Love Isn’t Enough: some things you need to know about adoption

Love Isn’t Enough: some things you need to know about adoption November 20, 2013

Adoption is a hot issue in American Evangelicalism, and while rates of international adoption have drastically declined recently, I don’t think a culture of adoption is going anywhere, anytime soon. Since November is National Adoption Month, I wanted to take some time to explore some aspects of adoption– for families thinking about adopting, who have adopted, or who know someone thinking of adopting.

In the past decade, adoption has become a hallmark of Evangelical Christianity in the United States. On one hand, I think this is fantastic– “defending the cause of the fatherless” is one of the issues that has been closest to my heart. On the other, I think we need to be honest and admit that in some Christian circles, adoption has actually become trendy.

This, I don’t think is entirely bad– if something is going to become trendy or faddish, I’m glad such a beautiful thing is becoming a trend. However, because of the trendiness of adoption, a lot of families who perhaps should not have adopted did, a fact that is resulting in various countries slowing down or closing off international adoptions.

Like marriage, adoption is one of those issues where people don’t always tell us what we need to know on the front end. Yet, after the honeymoon is over, we realize there’s a bit of missing information we wish we were given access to earlier. As a passionate advocate for the orphan and as an adoptive parent who was “baptized by fire” into adoptive parenting (you may want to read the rest of my adoption story, here), I wanted to share some encouragement and hard truth with those thinking of adopting, or who have recently adopted.

First, I have to admit– it’s true that adoption is basically the most amazing thing ever. I mean, see for yourself– this was the first time my daughter had ever tasted tacos:

But, this isn’t what adoption looks like every day. Adopting because you see others externally who seem to have it great, is like getting married because you see other couples appear to be living the high life. In either case, what you are seeing externally is NOT the full reality. Adoption isn’t always dancing because you’ve discovered tacos. So, before you adopt, there’s a few things you should know:

Children are not souvenirs.

Went on a mission trip to Mexico and came back with a new heart for the people of Mexico? Fantastic– that’s God working in your life. This doesn’t mean, however, that he’s necessarily asking you to go back and to bring home a child. Make sure you think long and hard about this “calling”. Adoption is often romanticized, and it would be easy to make a poor decision when your emotions are high coming back from a missions trip. Kids are not souvenirs, and you shouldn’t decide to adopt one lightly.

Don’t do it to “bring the mission field to your home”.

I am primarily a Missiologist, so I’m all about the “mission field”. However, don’t adopt because you want to “bring the mission field” to you. These aren’t people to be converted, they are children who need families. Sure, if you’re a Christian family you’ll obviously teach your kids Christianity– fantastic, I do that too. But don’t approach this as you’re bringing a potential convert into your family– that is dehumanizing. This child or children will have a host of other needs that will take priority to any spiritual needs. Remember: love with an agenda or strings attached isn’t love at all.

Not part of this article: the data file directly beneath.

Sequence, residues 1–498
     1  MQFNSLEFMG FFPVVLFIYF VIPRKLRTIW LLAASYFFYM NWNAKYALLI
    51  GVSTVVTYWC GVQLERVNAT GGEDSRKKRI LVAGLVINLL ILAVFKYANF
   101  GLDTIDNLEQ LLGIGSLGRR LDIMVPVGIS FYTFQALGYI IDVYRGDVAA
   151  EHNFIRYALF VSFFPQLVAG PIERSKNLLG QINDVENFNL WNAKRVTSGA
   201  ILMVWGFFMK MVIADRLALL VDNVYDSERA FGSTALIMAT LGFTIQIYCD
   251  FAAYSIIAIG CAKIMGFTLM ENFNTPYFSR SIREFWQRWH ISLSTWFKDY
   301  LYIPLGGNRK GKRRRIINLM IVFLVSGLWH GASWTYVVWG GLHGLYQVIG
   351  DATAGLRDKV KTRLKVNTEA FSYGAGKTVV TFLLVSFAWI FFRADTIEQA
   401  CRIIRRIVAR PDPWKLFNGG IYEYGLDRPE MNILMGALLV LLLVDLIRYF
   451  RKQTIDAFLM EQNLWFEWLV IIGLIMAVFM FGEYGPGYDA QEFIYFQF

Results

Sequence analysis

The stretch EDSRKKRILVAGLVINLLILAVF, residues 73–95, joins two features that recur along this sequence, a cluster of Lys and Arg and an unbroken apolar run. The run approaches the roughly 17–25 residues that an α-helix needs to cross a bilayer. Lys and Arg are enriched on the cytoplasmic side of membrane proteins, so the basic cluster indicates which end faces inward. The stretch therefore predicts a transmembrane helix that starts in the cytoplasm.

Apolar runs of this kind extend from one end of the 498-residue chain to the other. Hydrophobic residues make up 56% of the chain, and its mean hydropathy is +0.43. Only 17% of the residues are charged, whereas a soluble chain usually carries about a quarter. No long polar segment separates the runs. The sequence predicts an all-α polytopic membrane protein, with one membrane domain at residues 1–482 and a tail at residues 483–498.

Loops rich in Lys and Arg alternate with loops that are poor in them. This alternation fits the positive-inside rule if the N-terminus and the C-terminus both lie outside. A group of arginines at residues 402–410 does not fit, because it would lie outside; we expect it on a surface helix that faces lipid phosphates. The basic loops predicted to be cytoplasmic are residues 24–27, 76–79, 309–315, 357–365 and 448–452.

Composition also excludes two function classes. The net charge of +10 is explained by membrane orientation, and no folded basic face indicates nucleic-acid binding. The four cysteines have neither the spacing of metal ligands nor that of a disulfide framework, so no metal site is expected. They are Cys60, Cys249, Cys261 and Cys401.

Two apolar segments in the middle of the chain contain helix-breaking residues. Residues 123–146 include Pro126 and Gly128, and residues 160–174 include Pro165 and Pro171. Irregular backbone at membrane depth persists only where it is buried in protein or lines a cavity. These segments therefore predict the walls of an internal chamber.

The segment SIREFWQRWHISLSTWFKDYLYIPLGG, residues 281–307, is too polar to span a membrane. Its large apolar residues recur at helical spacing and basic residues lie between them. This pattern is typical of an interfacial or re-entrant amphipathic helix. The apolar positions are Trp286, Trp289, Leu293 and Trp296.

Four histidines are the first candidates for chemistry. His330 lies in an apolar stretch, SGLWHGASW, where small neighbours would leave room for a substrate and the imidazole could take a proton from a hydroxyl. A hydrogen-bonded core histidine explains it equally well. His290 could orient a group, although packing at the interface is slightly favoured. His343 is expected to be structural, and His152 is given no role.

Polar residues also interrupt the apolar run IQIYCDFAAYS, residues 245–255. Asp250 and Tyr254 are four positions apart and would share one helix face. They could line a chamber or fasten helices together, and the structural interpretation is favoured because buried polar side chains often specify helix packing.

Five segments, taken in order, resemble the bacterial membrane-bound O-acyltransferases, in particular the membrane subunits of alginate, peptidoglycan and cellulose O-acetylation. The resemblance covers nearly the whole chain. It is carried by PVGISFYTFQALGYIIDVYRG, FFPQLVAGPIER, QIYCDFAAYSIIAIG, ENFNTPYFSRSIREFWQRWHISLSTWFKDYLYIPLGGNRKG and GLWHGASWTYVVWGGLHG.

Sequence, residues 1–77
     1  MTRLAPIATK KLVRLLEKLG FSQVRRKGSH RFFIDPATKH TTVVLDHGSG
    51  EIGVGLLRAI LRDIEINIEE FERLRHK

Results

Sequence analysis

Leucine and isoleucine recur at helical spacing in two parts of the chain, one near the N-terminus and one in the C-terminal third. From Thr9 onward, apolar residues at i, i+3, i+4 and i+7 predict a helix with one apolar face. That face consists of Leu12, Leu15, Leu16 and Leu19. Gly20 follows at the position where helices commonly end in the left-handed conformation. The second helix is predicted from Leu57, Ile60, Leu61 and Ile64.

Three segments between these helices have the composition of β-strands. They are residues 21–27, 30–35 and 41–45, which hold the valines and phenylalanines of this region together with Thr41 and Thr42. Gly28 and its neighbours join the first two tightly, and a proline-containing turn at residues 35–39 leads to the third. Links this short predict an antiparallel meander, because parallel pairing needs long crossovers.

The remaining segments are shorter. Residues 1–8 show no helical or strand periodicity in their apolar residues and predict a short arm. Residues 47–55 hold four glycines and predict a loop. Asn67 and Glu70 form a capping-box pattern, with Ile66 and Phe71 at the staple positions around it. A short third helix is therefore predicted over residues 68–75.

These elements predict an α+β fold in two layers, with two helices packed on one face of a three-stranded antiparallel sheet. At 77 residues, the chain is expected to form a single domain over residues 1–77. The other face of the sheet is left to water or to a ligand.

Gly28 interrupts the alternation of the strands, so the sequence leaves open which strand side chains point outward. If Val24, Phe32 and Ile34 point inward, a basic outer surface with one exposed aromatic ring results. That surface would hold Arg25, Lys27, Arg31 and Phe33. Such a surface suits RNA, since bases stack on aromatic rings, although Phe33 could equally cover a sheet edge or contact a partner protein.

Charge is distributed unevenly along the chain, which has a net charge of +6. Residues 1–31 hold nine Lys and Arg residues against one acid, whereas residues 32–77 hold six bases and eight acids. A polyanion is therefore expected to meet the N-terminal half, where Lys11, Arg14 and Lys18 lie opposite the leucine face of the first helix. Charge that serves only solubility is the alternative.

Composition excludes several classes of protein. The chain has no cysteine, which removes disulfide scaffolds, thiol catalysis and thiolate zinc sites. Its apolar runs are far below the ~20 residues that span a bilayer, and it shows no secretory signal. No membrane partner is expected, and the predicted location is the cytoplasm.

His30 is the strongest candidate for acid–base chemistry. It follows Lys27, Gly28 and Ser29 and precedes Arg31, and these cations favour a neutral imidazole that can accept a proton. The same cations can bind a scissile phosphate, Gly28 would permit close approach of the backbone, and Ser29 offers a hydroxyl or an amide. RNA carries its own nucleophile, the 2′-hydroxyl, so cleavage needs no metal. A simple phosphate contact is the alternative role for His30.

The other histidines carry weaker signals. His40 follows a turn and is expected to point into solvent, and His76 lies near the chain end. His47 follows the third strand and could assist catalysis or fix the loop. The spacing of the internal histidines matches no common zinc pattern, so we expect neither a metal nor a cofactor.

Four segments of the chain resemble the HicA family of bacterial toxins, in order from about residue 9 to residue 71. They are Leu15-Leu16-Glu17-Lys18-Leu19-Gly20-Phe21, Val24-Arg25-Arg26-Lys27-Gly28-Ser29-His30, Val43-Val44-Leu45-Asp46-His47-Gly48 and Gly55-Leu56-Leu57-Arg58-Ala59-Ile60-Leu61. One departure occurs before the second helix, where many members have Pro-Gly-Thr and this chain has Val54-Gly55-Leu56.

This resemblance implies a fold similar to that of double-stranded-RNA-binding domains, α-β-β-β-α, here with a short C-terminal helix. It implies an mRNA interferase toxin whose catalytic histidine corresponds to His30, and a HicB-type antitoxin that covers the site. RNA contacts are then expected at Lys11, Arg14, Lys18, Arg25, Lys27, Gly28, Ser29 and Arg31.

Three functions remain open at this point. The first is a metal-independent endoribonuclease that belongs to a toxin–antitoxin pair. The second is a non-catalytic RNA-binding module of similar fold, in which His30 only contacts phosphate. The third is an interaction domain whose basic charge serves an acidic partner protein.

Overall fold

Don’t adopt if your primary motivator is to meet your own emotional needs.

People adopt for a lot of different reasons, many of which are good and valid reasons. However, as a loving caution, please don’t adopt because you are expecting this child to meet a need in your own heart. It is our job to meet their needs; it is not their job to meet ours. It is not fair to put this kind of pressure on a child, and most likely, the child is going to fail to meet whatever those emotional needs were. If you’re thinking of adopting because you think a child will meet this need or that need, PLEASE work these things out in counseling before you bring your child home. Viewing a child as the fulfillment of your own unmet emotional needs is a crisis waiting to happen. Instead, only adopt when you are healthy enough to realize that you exist to meet their needs, and not the other way around.

Remember: adoption looks like a beautiful miracle to those around you, but adoption is a sign that something in the story has already gone way, way wrong.

Sometimes people reference my daughter Johanna and say, “it’s clear that God planned her for your family from the beginning.” Unfortunately, that’s just not true.

She was born into a family, but all that fell apart. Adoption became the mechanism which gave her life a chance at healing and restoration. People on the outside see healing and restoration, and completely forget that adoption is born out of horrible, unspeakable loss. While adoption points to something beautiful, it also points to the fact that something already in her story went way, way wrong. Before you adopt, you need to realize this: you’re walking into a story that is steeped with brokenness. Your role is that of the “ministry of reconciliation”– which is a beautiful role, but one that only exists because something really, really bad has already happened. Know that the job of reconciliation isn’t all butterflies and ponies– the work born out of an adoption is really, really hard and emotional work.

Know that not everyone is called to do this– there are other ways to “defend the cause of the fatherless”.

Whatever you do, please don’t adopt because everyone in the culture around you is doing it. Just because it’s a great thing to do, doesn’t mean this is YOUR thing to do. This is NOT for everybody. If something in your spirit is telling you that this isn’t the role for you, please listen to that still voice. Just as negative results can come from doing something bad we weren’t supposed to do, negative results can also come from doing something good that we weren’t supposed to do.